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DOI: 10.1017/pab.2016.47

Can secondary osteons be used as ontogenetic indicators in


sauropods? Extending the histological ontogenetic stages
into senescence

Jessica Mitchell, P. Martin Sander, and Koen Stein

Abstract.Sauropod bone histology has provided a great deal of insight into the life history of these enor-
mous animals. However, because of high growth rates, annual growth rings are not common in sauropod
long bones, so directly measuring growth rates and determining sexual maturity require alternative mea-
sures. Histological ontogenetic stages (HOS) have been established to describe the changes in bone histology
through development for basal Macronaria and Diplodocoidea, and subsequently for Titanosauria. Despite
this, the current HOS model is not able to discriminate bone tissues in late ontogeny, when sauropods had
reached asymptotic size and continued to live into senescence but their long bones became extensively
remodeled by secondary osteons and all primary bone was destroyed. Here we establish remodeling stages
(RS) to characterize the Haversian bone development through ontogeny in eight sauropod taxa
(Apatosaurinae, Giraffatitan brancai, Camarasaurus spp., Dicraeosaurus spp., Ampelosaurus atacis, Phuwiango-
saurus sirindhornae, Magyarosaurus dacus, and Alamosaurus sanjuanensis) and nd signicant correlation of RS
with corresponding femur length (CFL) for the studied taxa, with the exception of Dicraeosaurus and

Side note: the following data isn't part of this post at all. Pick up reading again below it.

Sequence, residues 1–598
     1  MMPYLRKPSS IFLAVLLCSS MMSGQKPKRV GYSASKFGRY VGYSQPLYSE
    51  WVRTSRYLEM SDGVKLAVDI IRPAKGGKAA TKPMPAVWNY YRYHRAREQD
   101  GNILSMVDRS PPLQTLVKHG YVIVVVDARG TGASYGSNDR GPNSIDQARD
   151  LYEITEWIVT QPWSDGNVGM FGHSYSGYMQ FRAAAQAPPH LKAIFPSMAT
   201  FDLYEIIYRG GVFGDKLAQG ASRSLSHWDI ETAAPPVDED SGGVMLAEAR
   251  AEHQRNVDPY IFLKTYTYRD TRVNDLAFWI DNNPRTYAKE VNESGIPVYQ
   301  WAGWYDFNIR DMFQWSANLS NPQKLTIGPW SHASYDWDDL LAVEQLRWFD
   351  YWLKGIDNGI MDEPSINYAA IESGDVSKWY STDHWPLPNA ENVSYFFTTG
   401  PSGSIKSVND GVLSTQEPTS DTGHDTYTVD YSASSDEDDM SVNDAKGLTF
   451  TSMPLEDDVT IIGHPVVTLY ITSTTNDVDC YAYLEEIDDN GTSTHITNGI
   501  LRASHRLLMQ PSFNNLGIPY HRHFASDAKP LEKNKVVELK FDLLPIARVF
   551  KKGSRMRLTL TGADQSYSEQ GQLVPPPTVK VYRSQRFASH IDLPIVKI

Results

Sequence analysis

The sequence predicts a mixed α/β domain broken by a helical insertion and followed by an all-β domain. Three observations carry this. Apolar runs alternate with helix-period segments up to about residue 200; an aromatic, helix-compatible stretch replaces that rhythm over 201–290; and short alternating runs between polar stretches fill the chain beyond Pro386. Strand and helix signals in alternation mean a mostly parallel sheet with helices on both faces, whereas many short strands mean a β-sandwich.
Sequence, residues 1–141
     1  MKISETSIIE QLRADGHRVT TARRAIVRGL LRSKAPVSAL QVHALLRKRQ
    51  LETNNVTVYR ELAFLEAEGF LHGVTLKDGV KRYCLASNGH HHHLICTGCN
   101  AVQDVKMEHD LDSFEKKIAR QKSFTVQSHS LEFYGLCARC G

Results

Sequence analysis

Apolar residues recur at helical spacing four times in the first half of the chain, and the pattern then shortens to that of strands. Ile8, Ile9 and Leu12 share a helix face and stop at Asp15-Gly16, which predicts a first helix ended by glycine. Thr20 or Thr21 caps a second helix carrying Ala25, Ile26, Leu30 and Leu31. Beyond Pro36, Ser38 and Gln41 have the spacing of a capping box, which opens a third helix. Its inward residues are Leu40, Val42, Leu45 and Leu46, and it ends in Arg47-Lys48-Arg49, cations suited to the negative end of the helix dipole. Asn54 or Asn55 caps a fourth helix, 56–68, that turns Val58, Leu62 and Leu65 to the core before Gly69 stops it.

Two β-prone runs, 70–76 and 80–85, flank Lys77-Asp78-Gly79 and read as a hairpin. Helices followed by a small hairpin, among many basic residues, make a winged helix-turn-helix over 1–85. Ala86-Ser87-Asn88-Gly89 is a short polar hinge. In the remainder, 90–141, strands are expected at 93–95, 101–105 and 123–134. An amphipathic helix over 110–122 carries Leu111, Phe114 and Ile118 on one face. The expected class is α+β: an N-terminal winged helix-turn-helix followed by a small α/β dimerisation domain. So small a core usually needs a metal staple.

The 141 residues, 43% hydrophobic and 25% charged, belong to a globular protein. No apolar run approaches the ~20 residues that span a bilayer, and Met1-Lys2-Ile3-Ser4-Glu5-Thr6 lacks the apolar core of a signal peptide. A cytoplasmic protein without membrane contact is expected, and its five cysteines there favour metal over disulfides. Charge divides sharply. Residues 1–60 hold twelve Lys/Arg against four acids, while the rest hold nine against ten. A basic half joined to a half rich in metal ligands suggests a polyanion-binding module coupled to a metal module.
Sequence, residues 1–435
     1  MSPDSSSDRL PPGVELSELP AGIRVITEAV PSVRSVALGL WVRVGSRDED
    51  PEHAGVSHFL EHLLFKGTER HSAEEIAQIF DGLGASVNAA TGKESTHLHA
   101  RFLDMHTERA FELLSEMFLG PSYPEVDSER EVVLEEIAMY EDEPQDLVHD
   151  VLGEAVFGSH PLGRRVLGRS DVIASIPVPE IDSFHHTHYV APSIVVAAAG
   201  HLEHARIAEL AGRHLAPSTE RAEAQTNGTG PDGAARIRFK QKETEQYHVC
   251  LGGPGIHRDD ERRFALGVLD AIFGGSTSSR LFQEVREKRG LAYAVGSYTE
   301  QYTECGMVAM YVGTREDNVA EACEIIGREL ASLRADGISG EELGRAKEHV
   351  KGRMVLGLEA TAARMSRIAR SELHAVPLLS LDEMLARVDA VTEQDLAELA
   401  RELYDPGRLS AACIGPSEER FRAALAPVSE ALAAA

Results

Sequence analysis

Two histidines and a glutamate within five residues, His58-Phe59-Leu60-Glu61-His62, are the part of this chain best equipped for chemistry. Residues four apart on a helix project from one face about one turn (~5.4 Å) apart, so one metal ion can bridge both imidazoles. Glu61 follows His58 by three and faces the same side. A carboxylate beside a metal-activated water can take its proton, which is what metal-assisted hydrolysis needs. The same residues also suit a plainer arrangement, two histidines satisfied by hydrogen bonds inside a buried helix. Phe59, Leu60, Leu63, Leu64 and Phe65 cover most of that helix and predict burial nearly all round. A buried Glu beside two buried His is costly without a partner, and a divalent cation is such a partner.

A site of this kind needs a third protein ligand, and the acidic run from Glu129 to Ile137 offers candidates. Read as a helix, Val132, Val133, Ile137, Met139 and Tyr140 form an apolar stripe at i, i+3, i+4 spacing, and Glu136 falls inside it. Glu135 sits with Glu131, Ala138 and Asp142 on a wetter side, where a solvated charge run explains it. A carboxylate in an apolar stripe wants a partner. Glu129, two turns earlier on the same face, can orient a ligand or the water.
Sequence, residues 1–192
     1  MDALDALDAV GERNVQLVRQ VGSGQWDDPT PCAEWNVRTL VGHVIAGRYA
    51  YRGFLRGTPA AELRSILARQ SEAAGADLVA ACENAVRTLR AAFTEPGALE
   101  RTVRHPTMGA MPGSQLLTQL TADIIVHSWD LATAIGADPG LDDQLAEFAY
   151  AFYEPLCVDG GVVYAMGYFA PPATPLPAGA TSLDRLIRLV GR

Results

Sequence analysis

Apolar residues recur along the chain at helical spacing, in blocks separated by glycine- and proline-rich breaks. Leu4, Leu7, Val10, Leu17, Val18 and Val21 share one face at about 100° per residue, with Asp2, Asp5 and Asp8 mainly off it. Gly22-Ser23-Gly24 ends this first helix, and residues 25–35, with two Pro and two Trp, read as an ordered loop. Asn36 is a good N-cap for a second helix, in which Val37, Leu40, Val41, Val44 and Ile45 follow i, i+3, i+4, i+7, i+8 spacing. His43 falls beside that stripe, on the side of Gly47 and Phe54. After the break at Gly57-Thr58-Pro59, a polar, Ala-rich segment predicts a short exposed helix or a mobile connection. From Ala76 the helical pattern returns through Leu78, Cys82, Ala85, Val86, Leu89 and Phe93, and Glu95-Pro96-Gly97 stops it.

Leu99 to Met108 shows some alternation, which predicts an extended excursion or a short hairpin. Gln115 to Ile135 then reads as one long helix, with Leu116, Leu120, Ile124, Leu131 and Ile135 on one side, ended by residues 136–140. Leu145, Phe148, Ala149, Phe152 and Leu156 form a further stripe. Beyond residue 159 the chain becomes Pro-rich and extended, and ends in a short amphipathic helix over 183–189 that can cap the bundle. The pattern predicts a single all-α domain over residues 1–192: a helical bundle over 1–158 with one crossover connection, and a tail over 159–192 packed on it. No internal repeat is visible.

Magyarosaurus. Remodeling stages are based on the maximum number of observable generations of cross-
cutting osteons from the innermost, mid-, and outermost part of the cortex. The correlation with CFL
indicates that secondary osteons present an ontogenetic signal that could extend the histological ontogenetic
stages. Remodeling stages also provide additional insight into the changes in histology through ontogeny for
Sauropoda. This method has the potential to be used in other taxa, such as thyreophorans and many
ornithischians, that develop Haversian tissue through development.

Jessica Mitchell and P. Martin Sander. Steinmann-Institut fr


Mineralogie, Geologie und Palontologie, Universitt Bonn, Nussallee 8, D-53115, Bonn, Germany.
E-mail: jessica.mitchell@uni-bonn.de, martin.sander@uni-bonn.de

Koen Stein. Earth System SciencesAMGC, Vrije Universiteit Brussel, Pleinlaan 2, 1050 Brussels, Belgium,
and Royal Belgian Institute of Natural Sciences, Directorate Earth and History of Life, rue
Vautier, 29, 1000 Brussels, Belgium. E-mail: kstein@vub.ac.be

Accepted: 10 October 2016

Introduction Bone histology, however, changes through


ontogeny, and juveniles can usually be differ-
Since the seminal studies of Armand de entiated from adult forms.
Ricqls (Ricqls 1968a,b, 1983), bone histology Skeletochronology, the study of growth lines
has proven to be an invaluable tool in under- in bone, is one of the few disciplines that allows
standing the biology of sauropod dinosaurs, individual age estimation in vertebrates (Cas-
providing insights into growth rates, species tanet 1994). Many authors have estimated the
determination, and age of these unique age of dinosaurs by calculating missing lines of
dinosaurs (Sander 2000; Erickson 2005; Sander arrested growth (LAGs) or estimating bone
et al. 2006, 2011; Griebeler et al. 2013; Stein and apposition rates (Curry 1999; Sander and
Prondvai 2014). Fossil bone histology plays a Tckmantel 2003; Erickson et al. 2004; Horner
major role in determining whether different and Padian 2004; Bybee et al. 2005; Klein and